Michael Bluemling, Jr. | A to Z: 26 Issues Transitioning Veterans Face #2
Bankruptcy is a problem many vets face when they return home, because of lack of jobs and a bad economy. It doesn't have to be that way.
"Power of One", vets, veterans, "Michael Bluemling", bankruptcy,
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A to Z: 26 Issues Transitioning Veterans Face #2


A to Z: 26 Issues Transitioning Veterans Face #2


While military life’s rigorous, there were the staple benefits that made it bearable. After all, no matter what happened, you knew every two weeks you were going to get, medical and dental was provided, chow or per diem (if you were married) and lodging. You didn’t have to worry about taking care of business.

Once you were discharged, some or most of the benefits were no longer available. This can be become a stressful realization for many; especially, if they have not prepared for life without Uncle Sam.

For some soldiers, paycheck-to-paycheck or promotion-to-promotion was a way of life. This was especially true as the cost of living rapidly increased. The truth is most basic necessities like food, clothing and rent are more expensive in the civilian sector.

Many who’ve never served don’t realize this is a huge issue for veterans when they return home. This is a challenge and also a burden on veterans, who became accustomed to the commissary or the Post Exchange (PX) to find basic items at reasonable prices. Therefore, this added financial stress further magnifies any other problems a veteran may face when he or she transitions back home. Uncle Sam is no longer providing for them or their families, and the lack of jobs doesn’t make it any easier.

The result is often one’s credit score taking a major hit! Once a few payments are missed, it can become extremely difficult to recover. As a result, credit is not extended when its needed most, since their score doesn’t meet the minimum criterion.

When you take the transition period, with all it throws at you (finding work, a home, paying existing bills while adding new ones for utilities, insurance, etc.) – bankruptcy may seem like the only option.

If you’re still in the military, then you need to start budgeting and saving now. Avoid putting yourself in that position. If you’re already a civilian and are finding it hard to stay above the fiscal waters, there’s still hope. Check in with your local veteran groups, like Veterans of Foreign Wars, American Legion and others. You would be surprised at the resources available to help our heroes in need.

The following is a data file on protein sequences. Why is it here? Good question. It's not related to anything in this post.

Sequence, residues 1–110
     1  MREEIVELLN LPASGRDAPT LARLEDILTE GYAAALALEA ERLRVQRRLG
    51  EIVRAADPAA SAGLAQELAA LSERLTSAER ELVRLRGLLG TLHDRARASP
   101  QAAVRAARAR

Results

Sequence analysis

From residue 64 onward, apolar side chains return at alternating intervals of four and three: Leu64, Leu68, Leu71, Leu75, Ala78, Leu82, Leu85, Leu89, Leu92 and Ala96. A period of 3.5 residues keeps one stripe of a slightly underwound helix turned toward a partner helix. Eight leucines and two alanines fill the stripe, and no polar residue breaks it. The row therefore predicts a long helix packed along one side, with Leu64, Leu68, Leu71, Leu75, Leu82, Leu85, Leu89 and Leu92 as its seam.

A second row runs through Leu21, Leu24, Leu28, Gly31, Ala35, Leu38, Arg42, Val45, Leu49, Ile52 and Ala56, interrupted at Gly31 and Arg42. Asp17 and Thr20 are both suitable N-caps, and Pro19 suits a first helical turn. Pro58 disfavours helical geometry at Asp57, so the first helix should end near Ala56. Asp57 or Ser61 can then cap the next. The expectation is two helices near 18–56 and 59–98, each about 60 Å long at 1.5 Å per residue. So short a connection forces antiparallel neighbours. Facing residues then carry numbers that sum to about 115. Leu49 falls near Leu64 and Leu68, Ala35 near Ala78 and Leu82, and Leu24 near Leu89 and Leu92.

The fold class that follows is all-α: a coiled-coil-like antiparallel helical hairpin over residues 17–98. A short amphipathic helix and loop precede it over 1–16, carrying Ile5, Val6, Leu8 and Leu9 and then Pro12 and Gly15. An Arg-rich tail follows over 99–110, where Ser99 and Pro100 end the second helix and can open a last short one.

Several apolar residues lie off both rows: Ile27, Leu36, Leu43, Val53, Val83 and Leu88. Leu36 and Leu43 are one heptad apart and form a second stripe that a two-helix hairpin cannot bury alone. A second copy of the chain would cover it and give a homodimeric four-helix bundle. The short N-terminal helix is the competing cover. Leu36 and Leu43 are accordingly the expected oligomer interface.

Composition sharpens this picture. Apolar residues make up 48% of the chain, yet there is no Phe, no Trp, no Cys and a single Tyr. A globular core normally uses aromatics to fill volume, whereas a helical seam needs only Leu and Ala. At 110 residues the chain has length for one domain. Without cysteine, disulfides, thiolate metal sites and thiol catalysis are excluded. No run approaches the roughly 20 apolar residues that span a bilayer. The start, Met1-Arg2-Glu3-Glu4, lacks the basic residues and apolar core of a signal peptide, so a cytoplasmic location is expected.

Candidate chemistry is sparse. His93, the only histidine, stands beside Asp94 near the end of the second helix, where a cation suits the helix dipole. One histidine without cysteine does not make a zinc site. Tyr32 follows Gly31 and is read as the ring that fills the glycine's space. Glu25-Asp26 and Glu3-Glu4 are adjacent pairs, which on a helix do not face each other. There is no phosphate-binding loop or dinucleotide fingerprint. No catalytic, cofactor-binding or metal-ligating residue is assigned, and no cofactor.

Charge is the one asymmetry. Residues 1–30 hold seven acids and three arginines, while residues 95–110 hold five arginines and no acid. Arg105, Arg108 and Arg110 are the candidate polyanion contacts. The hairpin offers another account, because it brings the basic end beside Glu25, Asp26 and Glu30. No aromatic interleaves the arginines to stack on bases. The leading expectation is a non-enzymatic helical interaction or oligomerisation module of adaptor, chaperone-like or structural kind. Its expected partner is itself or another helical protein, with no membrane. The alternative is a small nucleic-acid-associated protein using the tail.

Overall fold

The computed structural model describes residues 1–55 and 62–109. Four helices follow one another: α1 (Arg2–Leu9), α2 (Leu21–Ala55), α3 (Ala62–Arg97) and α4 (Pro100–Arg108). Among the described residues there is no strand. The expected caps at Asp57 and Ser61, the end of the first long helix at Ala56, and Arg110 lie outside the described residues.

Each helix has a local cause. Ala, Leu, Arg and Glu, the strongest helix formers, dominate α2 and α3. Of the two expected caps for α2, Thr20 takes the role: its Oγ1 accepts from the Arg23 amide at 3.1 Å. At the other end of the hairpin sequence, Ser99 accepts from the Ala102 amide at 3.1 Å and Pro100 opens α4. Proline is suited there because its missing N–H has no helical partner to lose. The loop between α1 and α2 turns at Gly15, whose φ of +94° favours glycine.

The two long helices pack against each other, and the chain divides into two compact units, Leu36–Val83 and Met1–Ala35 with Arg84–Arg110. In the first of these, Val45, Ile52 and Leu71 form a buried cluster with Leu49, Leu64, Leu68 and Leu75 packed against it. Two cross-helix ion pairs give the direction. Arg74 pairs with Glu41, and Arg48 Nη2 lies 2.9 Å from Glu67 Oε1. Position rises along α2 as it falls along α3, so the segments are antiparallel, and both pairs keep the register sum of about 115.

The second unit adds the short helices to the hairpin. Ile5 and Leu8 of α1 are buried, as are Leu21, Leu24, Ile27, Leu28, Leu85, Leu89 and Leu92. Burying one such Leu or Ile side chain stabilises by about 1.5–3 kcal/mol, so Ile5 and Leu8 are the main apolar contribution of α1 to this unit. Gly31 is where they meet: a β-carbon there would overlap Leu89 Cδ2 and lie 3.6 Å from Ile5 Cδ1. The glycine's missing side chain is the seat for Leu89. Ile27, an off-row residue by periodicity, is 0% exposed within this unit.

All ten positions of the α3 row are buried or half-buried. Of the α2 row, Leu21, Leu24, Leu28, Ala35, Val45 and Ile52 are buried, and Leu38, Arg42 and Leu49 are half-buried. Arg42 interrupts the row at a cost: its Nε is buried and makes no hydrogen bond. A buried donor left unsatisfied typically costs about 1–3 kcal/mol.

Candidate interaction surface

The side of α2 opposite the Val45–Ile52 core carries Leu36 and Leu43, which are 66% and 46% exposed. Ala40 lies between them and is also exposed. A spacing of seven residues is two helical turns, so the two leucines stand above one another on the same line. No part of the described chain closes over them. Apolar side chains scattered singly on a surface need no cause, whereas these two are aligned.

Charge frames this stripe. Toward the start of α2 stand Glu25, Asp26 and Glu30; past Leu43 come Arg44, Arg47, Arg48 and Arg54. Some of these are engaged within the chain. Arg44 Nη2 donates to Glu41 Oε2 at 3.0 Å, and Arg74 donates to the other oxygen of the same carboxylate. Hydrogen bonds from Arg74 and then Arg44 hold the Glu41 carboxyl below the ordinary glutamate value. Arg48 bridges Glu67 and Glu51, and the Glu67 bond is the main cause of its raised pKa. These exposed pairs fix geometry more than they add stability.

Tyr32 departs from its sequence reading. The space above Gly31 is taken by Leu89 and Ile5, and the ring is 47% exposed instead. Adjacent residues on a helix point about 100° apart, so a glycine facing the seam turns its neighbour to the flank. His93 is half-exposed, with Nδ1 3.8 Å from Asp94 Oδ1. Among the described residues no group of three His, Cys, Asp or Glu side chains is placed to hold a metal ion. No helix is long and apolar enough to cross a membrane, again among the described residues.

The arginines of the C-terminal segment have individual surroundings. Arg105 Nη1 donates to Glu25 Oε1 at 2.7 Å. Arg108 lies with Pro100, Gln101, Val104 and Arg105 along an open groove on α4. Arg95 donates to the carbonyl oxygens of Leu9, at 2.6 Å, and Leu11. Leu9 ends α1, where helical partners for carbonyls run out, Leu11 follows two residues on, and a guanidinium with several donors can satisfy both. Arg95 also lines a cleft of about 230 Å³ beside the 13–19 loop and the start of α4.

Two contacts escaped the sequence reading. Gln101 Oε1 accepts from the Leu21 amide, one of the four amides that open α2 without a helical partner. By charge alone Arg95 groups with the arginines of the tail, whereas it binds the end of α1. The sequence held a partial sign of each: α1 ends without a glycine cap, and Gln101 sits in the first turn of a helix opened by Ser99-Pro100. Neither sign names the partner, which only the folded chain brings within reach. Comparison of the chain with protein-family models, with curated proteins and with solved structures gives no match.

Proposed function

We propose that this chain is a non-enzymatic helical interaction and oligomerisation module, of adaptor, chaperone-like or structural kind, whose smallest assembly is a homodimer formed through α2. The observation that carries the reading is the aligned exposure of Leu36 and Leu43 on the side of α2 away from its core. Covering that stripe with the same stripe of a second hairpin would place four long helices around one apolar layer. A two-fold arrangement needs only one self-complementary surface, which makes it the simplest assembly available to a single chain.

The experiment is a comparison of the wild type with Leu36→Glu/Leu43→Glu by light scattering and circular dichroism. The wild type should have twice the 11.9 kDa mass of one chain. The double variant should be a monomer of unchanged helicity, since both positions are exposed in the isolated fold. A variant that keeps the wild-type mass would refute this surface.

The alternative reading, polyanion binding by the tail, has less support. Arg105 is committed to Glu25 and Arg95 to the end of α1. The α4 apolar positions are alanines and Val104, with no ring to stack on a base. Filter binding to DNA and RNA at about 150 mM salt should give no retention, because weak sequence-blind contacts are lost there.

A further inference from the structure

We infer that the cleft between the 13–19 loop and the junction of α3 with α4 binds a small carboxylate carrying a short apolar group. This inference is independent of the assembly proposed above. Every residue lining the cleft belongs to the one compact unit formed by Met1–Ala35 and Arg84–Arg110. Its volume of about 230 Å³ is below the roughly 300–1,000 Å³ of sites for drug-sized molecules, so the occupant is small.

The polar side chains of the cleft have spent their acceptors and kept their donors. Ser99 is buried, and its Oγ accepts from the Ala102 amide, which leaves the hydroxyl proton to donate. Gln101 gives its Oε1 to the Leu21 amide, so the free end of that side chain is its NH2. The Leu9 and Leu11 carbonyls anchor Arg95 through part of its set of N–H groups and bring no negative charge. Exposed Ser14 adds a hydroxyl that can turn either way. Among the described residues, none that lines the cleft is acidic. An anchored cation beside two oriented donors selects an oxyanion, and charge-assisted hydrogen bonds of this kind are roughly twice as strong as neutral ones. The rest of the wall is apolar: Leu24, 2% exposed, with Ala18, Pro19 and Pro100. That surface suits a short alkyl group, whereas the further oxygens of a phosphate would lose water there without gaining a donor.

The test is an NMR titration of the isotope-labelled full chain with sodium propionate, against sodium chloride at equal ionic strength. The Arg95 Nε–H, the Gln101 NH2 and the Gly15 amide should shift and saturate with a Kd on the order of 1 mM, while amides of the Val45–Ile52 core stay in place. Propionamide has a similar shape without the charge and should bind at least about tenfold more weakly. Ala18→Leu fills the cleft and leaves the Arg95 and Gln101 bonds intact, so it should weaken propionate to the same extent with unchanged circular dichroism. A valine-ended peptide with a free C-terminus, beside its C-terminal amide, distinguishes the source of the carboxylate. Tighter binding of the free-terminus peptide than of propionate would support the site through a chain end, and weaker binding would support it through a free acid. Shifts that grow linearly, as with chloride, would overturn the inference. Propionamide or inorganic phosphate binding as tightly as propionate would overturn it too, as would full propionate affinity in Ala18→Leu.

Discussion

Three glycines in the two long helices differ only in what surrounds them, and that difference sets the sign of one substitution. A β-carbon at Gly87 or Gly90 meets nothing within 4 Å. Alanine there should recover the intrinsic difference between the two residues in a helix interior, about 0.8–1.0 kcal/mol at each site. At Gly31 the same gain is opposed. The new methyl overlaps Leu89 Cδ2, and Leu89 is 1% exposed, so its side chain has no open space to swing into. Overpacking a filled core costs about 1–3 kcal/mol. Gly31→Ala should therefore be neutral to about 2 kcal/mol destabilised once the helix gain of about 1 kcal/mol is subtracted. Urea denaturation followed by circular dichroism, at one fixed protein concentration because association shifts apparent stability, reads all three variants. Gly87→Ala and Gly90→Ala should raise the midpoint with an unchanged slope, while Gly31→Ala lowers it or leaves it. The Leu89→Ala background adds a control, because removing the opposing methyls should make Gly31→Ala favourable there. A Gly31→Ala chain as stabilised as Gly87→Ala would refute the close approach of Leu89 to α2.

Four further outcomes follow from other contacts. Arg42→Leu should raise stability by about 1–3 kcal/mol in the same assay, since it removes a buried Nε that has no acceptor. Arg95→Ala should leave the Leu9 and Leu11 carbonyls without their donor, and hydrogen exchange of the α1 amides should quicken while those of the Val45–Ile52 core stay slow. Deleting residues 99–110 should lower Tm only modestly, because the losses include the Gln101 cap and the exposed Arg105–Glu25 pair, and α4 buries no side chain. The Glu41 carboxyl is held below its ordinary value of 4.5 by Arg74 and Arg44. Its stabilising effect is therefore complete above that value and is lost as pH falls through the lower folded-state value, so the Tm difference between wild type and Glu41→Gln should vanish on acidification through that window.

If you’re a civilian watching a veteran go through this era of his or her life, while it’s easy to judge from the outside, not know the circumstance which led to this situation; please show them some mercy and sacrifice. While many never made it home, in defense of our freedoms; these are the ones who did and now have to survive. Don’t just say “Thank you for your service!” Please show your thanks with your actual support.

  • Deborah W.
    Posted at 11:46h, 18 February Reply

    This is a great article for those who are currently serving for them to start planning for what is to come after their military career. Better financial management is critical to individual success and one often learns after the fact of the negative impacts from poor planning or lack of. This is one more thing Veterans and their immediate family shouldn’t have to deal with after making other sacrifices.

    There are many financial literacy programs available through financial service providers and financial literacy articles online to help people practice better money management.

    • Michael Bluemling, Jr.
      Posted at 12:07h, 18 February Reply

      Having a “financial management” plan of action is what will allow a difficult period of financial planning to go much smoother. Many people will go through many transitions in their lives and we can all learn from each other on how to make the best decisions possible when it comes to budgeting. Thanks for the comment!

  • Eddie Velez
    Posted at 11:57h, 18 February Reply

    This is so true!

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